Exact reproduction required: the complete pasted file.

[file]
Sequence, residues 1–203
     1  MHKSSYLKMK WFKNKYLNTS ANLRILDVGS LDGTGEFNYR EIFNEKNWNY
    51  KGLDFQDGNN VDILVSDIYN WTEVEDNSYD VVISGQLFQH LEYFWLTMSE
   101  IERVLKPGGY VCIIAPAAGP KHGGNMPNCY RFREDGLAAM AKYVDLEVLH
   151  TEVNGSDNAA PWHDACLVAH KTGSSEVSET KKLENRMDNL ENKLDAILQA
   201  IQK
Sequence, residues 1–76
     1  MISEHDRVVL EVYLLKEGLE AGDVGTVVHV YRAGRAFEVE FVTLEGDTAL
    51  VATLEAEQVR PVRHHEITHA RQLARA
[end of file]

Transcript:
Sequence, residues 1–203
     1  MHKSSYLKMK WFKNKYLNTS ANLRILDVGS LDGTGEFNYR EIFNEKNWNY
    51  KGLDFQDGNN VDILVSDIYN WTEVEDNSYD VVISGQLFQH LEYFWLTMSE
   101  IERVLKPGGY VCIIAPAAGP KHGGNMPNCY RFREDGLAAM AKYVDLEVLH
   151  TEVNGSDNAA PWHDACLVAH KTGSSEVSET KKLENRMDNL ENKLDAILQA
   201  IQK
Sequence, residues 1–76
     1  MISEHDRVVL EVYLLKEGLE AGDVGTVVHV YRAGRAFEVE FVTLEGDTAL
    51  VATLEAEQVR PVRHHEITHA RQLARA